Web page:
Christine Elliott and Patrick Brown, the two contenders for the Ontario Progressive Conservative leadership, are both claiming war chests of more than $1-million with less than two weeks before voting begins.
As of the end of March, Mr. Brown, the MP for Barrie, considered the outsider in the race, has raised $902,456.57 – and set a campaign record, raising $301,796.84 in March, according to campaign manager Bob Stanley. He says the campaign is on track to raise at least the same amount in April.
"It's gratifying to see people realizing what is transpiring here and supporting it," Mr. Stanley said.
Ari Laskin, Ms. Elliott's campaign manager, told The Globe that her campaign has raised "over $1-million" so far.
"We look at it as any amount of money that we're able to raise to help boost the party is good for us and it's good for the party," he said, "after all, this is a matter of ensuring that the Ontario PC Party is able to form government in 2018."
The party requires that the leadership contestants contribute 20 per cent of what they raise as a tithe to the party. For example, the Brown team has so far given over $150,335 to the party.
PC members have two days – May 3 and May 7– to cast their ballots. The results are to be announced at a leadership event in Toronto on May 9.
Leadership candidates can spend up to $1.2-million on their contests, but there is no limit on how much an individual or company can donate. No tax credits are given for these donations.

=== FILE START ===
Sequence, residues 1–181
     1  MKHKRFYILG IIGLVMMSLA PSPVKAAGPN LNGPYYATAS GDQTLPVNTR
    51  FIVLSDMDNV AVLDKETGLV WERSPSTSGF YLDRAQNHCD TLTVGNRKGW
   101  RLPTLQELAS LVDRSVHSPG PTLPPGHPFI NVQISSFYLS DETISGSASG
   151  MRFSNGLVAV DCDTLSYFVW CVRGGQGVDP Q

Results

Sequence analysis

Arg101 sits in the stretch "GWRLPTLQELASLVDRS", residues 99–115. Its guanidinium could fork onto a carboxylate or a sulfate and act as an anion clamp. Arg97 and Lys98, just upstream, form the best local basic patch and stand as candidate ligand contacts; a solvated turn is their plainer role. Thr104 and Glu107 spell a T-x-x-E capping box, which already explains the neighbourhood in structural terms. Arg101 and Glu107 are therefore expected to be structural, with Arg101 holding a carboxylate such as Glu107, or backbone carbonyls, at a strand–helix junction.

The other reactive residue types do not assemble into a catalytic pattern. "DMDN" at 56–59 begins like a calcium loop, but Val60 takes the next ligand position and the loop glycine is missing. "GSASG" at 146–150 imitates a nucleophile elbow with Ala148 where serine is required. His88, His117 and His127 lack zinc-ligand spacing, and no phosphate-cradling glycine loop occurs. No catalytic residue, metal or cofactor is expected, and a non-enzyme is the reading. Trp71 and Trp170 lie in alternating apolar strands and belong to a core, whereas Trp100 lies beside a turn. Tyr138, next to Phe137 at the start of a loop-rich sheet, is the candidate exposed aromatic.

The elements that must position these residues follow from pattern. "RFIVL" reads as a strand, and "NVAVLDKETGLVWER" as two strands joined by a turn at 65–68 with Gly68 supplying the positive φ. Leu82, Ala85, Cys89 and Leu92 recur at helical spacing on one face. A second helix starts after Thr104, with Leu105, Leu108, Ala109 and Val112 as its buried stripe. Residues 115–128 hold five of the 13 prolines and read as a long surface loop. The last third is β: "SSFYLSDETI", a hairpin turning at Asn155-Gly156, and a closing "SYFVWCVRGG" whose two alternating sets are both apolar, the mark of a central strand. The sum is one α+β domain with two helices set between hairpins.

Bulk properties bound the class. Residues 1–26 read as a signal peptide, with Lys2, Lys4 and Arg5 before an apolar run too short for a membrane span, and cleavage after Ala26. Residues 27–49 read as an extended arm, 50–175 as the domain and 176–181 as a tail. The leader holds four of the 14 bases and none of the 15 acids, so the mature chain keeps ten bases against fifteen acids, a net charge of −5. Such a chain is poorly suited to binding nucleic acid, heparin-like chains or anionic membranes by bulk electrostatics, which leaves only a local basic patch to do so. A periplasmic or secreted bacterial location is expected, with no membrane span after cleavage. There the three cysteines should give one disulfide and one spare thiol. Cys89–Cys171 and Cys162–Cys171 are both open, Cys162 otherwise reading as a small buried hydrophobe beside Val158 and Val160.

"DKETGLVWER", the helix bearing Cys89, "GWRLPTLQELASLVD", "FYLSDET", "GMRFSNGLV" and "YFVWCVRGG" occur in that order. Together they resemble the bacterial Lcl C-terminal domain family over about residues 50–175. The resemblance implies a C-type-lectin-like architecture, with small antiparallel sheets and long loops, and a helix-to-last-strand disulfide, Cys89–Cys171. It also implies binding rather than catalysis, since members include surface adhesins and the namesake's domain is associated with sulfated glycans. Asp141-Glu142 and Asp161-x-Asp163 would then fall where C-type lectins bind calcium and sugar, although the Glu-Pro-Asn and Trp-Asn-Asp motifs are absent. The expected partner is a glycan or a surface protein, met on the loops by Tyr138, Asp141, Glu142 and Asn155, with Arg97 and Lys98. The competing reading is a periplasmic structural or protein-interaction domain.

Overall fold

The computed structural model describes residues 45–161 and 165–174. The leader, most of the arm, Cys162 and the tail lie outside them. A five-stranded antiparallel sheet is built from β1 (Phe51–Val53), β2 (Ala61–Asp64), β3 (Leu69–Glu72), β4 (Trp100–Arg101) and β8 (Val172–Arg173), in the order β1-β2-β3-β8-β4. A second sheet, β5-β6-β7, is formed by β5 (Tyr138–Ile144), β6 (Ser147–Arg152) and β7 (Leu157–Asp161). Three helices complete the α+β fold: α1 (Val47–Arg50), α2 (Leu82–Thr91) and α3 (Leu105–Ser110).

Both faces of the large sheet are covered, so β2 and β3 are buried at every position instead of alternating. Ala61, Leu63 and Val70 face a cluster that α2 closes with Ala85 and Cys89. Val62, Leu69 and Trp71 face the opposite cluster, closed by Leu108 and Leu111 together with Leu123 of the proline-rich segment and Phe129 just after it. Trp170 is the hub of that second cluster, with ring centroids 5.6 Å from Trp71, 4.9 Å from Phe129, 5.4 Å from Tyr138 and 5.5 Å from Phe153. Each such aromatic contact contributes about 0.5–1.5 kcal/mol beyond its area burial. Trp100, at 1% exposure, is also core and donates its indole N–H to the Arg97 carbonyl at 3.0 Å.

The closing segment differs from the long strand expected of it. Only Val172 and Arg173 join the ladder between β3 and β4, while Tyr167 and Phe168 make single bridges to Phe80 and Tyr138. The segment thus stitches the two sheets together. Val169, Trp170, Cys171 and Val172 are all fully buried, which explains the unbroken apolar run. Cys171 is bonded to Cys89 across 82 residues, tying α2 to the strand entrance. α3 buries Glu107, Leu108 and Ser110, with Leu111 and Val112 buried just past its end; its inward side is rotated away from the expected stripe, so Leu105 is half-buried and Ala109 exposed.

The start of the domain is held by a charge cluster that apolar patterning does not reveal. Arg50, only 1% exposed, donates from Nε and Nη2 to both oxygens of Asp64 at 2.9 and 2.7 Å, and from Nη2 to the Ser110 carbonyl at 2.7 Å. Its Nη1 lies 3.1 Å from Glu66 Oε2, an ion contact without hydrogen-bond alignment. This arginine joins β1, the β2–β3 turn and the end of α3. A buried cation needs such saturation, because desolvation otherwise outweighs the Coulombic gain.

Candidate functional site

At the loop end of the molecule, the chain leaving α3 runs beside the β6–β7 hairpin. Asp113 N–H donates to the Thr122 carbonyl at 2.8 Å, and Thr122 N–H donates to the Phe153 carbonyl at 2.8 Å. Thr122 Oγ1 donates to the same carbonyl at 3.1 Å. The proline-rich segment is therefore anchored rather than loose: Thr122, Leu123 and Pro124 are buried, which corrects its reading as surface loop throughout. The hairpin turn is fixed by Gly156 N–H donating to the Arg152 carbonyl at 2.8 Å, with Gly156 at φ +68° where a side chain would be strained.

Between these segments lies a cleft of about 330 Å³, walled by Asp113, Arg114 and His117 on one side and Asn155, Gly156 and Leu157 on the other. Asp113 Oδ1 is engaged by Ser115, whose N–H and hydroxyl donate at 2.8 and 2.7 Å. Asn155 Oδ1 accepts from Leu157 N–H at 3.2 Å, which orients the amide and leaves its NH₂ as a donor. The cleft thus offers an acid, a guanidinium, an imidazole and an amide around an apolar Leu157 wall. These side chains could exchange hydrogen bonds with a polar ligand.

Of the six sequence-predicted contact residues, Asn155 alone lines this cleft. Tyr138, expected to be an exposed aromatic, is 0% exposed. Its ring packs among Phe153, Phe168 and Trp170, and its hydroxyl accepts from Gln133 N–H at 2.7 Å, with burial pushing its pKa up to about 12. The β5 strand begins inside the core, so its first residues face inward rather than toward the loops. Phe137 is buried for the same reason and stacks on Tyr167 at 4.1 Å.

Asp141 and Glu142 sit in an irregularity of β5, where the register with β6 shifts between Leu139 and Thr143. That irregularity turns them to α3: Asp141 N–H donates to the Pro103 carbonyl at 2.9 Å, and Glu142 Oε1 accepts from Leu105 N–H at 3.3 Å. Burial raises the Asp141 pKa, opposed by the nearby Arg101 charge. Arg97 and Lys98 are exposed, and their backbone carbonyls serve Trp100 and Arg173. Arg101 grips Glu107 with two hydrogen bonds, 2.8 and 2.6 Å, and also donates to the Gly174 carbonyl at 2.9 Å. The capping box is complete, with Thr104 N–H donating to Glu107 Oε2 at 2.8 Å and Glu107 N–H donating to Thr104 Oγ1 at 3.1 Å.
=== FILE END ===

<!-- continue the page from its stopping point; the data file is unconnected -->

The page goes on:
This is in contrast to federal leadership campaigns, where donations to candidates are limited to $1,500 and tax credits are given. Jean Chrétien's Liberal government brought in a new political fundraising law in response to the cynicism about the political system, and the perception that politicians were being swayed by big money. (This was provoked, in part, by the sponsorship scandal.) The law, passed in 2003, bans donations from corporations and unions and limits the amount an individual can donate. It was made even more restrictive by the Harper government.
Both Ms. Elliott, the MPP for Whitby-Oshawa, and Mr. Brown have several $25,000 donations.
Mr. Laskin notes that of the more than 2,600 donors to her campaign, 2,200 people have donated $100 or less and most of those are coming from rural areas and smaller towns.
"The only people that Christine is beholden to from this campaign, to be perfectly honest with you, are the people of Ontario, the members who have supported her," says Mr. Laskin.
Mr. Brown's campaign, meanwhile, claims it has signed up more members than Ms. Elliott's. She is considered the establishment candidate, and was the frontrunner going into the race.